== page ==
• Able to reliably attack several times within a turn
  • Has access to the ever-excellent Stunning Strike ability
  • Functions well without the need for any equipment


  • Less durable than other martial classes
  • Struggles to fight foes from afar


Paladins are holy warriors sworn to oaths, serving as somewhat of a hybrid between the Cleric and FIghter classes. With similar armor and weapon proficiencies to the Fighter, a Paladin gains access to a small number of spell slots that allow the character to cast support spells via their charisma to assist their allies as well as various spells to augment their melee damage. While a Paladin makes fewer attacks than a Fighter and casts fewer spells than a Cleric, it has two excellent trademark abilities of its own: Lay on Hands and Divine Smite. While Lay on Hands can allow a Paladin to access a pool of HP to distribute to their injured allies, Divine Smite allows a Paladin to convert their spell slots into additional radiant damage, allowing them to hit their foes like a truck. IN addition to providing a Paladin with additional spell options, the various Paladin subclasses allow Paladins to access various Channel Divinity options as well as beneficial auras to assist nearby allies. As holy warriors, Paladins are even capable of detecting the presence of nearby fiends or undead, adding to their utility.


  • Very durable
  • Excellent blend of support and offense
  • Able to deal serious damage through Divine Smite.
  • Capable of healing others and themselves through Lay on Hands
  • Access to additional utility through magic


  • Each of their key abilities recharges on a long rest, meaning they may struggle if a party experiences several combat encounters in one day
  • As Divine Smite can only be used when making a melee attack, Paladins can have difficulty dealing high damage from afar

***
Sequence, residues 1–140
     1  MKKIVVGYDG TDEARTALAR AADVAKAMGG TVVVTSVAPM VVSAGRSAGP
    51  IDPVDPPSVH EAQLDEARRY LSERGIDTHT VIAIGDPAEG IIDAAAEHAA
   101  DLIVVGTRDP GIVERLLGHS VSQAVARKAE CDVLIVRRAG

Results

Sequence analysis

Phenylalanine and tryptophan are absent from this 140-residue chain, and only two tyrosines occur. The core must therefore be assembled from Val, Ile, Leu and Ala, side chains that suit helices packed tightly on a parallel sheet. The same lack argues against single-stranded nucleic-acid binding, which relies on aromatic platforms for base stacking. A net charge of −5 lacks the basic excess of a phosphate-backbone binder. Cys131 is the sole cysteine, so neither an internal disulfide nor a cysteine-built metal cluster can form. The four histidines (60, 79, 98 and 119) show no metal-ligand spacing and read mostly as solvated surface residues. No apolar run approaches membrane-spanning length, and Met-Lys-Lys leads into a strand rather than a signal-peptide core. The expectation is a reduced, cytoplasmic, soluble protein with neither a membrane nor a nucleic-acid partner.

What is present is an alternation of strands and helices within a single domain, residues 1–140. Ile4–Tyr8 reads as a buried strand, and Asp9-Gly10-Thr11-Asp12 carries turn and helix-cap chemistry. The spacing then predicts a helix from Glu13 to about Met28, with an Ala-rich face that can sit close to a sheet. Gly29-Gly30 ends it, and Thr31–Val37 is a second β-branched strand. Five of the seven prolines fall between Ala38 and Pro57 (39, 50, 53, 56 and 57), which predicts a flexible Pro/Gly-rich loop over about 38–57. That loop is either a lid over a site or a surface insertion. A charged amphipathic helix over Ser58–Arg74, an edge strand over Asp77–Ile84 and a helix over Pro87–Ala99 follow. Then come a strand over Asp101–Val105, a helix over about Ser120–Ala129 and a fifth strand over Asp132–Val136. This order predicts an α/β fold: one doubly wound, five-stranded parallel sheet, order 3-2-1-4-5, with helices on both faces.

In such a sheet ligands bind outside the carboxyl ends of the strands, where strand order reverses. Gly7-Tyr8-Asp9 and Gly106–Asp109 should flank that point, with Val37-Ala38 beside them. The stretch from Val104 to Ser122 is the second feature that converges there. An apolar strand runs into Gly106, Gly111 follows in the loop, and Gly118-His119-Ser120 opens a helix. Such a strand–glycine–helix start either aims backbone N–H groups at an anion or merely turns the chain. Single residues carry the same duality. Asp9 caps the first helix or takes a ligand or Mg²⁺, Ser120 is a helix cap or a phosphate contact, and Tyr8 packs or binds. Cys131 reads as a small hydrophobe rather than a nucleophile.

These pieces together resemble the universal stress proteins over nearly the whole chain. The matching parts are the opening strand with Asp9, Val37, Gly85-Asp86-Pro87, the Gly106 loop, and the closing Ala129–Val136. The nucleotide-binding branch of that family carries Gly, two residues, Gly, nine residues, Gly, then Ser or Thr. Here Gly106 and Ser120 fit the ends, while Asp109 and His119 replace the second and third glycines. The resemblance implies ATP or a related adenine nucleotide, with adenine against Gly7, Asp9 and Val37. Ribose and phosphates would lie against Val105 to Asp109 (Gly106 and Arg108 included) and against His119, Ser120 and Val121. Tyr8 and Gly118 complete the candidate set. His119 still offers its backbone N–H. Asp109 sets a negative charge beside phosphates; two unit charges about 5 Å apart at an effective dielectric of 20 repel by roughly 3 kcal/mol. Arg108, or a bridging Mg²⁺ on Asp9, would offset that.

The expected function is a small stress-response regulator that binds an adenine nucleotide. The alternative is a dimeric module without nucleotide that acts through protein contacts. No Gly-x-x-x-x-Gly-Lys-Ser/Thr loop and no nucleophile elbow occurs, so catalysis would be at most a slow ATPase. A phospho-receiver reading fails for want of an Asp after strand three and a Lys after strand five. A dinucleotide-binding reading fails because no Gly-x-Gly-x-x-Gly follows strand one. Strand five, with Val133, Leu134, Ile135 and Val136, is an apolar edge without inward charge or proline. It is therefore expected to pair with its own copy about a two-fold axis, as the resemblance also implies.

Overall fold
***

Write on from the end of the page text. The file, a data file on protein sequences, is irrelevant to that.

While Paladins serve as a halfway point between Clerics and FIghters, Rangers blend elements of the Druid, Fighter, and Rogue classes, forming a unique dexterity and wisdom-based class option. Warriors experienced in traversing the wilderness, Rangers are a multifarious class capable of wielding a variety of weapon types, casting nature-based magic, even excelling at tracking. While the abilities available to each other martial class are quite straightforward, due to the optional Ranger features available in Tasha's Cauldron of Everything, a player can choose to have their ranger excel at tracking and exploring, or have them better suited to felling a key target in combat. Though Rangers can use a variety of weapon types, they particularly excel in ranged combat, making great use of bows and ranged spells capable of augmenting their archery. Through their blend of combative capabilities and magical utility reminiscent of that of the Druid, Rangers are among the most flexible and multifarious of D&D's martial classes.


  • Excellent ranged combatant
  • Can offer great exploration utility
  • Access to magic that can provide support or damage benefits


  • Many of the original Ranger options are very niche and highly situational
  • Somewhat unintuitive and potentially difficult to use in the hands of a beginner


A class-based around dexterity, Rogues specialize in stealth and are mobile characters capable of dealing serious damage from afar or with a finesse weapon. While less durable than other martial classes, Rogues more than make up for this through the excellent Cunning Action feature that allows them to dash, disengage, or hide as a bonus action rather than an action. In addition to doubling their proficiency bonus for two skills that are allocated as a Rogue's areas of expertise, the key feature of a Rogue is Sneak Attack. Despite its name, this feature doesn't require a character to be hidden or sneaking, only that they are attacking a creature at advantage or that target is within five feet of one of the Rogue's allies. This ability allows the Rogue to deal substantial extra damage to the target, with this extra damage increasing as they grow in levels. Outside of combat, Rogue's excellent skills and additional utility gained through various subclasses allow them to shine anywhere from social negotiations to assassinations or the disarming of traps.


  • Great single-target damage through Sneak Attack
  • Incredible out-of-combat utility thanks to Expertise
  • Access to additional flexibility in combat thanks to Cunning Action
  • Solid offensive options when fighting up close or from afar


  • Far less durable than other martial classes
  • Due to Sneak Attack's trigger conditions, rogues can struggle when fighting a target without the help of another party member